The value of the power factor of the machine for this case is 0.86.

13. Maximum ambient temperature

This means the maximum ambient working temperature of the motor, most motors are designed for 40°C.

14. Motor weight

362 kg this indicates the weight of the electric motor.

15. Front bearing Number

DE(Driving end) side bearing

16. Rear Bearing Number

NDE( Non driving) side bearing

17. Types of bearing grease

The type of grease used in the bearings is specified here. (MASSOL)

18. Connection diagram

It shows how to connect to a motor, to be carried out accordingly. Only qualified persons are supposed to do connections. Improper connection leads to damage.

19. Date of manufacturing

It was manufactured on February 05, 2022.

20. Serial number

It is the serial code with which the electric motor is identified.

21. Torque category

The load demand typically higher starting torque than the motor rated torque. For example, two motors of the same torque values may not be suitable for a particular application. This is because of different starting torque requirement. For example. the torque requirement of the centrifugal pump is different than the starting torque requirement of a conveyor.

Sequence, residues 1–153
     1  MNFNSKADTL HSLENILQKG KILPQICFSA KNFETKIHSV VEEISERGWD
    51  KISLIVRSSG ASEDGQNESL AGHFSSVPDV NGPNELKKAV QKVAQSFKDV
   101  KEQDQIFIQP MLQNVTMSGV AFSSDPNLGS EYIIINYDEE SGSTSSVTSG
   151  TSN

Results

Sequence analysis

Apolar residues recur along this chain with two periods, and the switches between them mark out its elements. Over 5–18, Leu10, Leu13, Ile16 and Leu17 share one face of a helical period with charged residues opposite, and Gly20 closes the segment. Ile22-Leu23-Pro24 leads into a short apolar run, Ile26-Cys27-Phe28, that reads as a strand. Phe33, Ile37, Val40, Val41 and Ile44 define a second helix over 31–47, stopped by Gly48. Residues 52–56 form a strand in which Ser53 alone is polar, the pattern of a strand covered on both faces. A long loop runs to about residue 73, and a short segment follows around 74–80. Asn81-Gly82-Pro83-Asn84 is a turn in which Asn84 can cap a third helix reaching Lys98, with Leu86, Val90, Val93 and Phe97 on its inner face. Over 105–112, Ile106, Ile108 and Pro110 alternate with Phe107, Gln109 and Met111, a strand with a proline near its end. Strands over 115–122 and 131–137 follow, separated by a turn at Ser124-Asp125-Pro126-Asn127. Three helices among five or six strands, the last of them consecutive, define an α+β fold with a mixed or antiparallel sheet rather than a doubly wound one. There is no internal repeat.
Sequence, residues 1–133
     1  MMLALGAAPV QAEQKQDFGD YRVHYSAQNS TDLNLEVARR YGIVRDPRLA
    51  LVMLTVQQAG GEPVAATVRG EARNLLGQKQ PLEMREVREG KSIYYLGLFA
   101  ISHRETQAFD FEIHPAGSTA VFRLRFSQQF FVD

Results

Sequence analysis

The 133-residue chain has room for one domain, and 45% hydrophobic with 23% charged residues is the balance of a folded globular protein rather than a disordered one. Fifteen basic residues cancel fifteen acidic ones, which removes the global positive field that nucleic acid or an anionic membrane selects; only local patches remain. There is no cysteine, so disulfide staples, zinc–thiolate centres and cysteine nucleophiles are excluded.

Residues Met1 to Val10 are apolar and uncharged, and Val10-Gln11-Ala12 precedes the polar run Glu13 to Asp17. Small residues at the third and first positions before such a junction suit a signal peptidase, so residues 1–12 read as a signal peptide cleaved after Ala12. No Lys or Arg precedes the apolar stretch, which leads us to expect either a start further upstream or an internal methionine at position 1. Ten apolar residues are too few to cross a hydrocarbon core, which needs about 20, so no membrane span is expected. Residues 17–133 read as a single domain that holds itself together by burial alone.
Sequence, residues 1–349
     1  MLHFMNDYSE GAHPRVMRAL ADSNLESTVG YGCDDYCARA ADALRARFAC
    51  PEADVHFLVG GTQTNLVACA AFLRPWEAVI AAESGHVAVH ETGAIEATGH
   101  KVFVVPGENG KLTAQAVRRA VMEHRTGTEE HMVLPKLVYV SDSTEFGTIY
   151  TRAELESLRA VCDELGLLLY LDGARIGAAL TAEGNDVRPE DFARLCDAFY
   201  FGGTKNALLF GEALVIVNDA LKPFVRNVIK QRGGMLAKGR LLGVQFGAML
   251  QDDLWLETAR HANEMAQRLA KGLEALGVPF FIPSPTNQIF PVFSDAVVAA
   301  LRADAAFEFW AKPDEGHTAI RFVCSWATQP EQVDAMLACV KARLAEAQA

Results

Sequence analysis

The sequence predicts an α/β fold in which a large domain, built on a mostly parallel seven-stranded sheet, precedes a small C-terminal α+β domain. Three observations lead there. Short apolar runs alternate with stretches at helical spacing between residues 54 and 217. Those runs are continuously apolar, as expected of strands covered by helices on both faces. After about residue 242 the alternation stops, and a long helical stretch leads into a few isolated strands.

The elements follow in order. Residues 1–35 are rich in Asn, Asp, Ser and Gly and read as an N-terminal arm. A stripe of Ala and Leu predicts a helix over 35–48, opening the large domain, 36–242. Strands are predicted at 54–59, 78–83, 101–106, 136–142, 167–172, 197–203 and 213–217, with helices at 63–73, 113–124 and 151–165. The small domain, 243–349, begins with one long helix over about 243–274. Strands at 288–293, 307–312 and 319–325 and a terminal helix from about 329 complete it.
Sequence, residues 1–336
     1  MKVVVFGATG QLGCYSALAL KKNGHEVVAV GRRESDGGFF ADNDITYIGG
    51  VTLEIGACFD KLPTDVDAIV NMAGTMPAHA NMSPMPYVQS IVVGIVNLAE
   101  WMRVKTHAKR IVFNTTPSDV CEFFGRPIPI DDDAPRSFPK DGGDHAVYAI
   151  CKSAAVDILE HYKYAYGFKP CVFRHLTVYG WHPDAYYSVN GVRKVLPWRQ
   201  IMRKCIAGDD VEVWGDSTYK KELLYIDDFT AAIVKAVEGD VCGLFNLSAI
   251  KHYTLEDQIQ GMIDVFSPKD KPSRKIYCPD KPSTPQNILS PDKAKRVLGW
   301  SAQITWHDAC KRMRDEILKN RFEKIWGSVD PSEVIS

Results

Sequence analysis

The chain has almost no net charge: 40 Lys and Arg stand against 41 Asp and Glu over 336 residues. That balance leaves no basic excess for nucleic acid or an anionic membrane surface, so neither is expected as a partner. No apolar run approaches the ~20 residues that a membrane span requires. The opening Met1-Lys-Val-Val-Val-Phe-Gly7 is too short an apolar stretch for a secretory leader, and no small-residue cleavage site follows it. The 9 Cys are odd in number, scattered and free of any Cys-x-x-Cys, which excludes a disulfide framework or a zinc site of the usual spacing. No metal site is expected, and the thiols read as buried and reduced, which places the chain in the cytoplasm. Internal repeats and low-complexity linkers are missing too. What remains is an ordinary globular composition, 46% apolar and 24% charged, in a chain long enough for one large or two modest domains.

This parameter is expressed with CAT N which indicates that this motor was designed to work with normal loads, for example, pumps, fans, conveyor belts, etc., The following letters are used for the types of loads.

  • Design letters B (normal starting torque)
  • C (high starting torque)
  • D (very high starting torque)

22. CT/VT

You may find the CT/ VT engraved into the motor nameplate.

  • CT – Constant Torque
  • VT – Variable Torque

These data are mostly available on motor nameplate for an inverter duty motor.

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About Satyadeo Vyas

Satyadeo Vyas, M.Tech,M.B.A. is an electrical engineer and has more than 36 years of industrial experience in the operation, maintenance, and commissioning of electrical and instrumentation projects. He has good knowledge of electrical, electronics, and instrumentation engineering.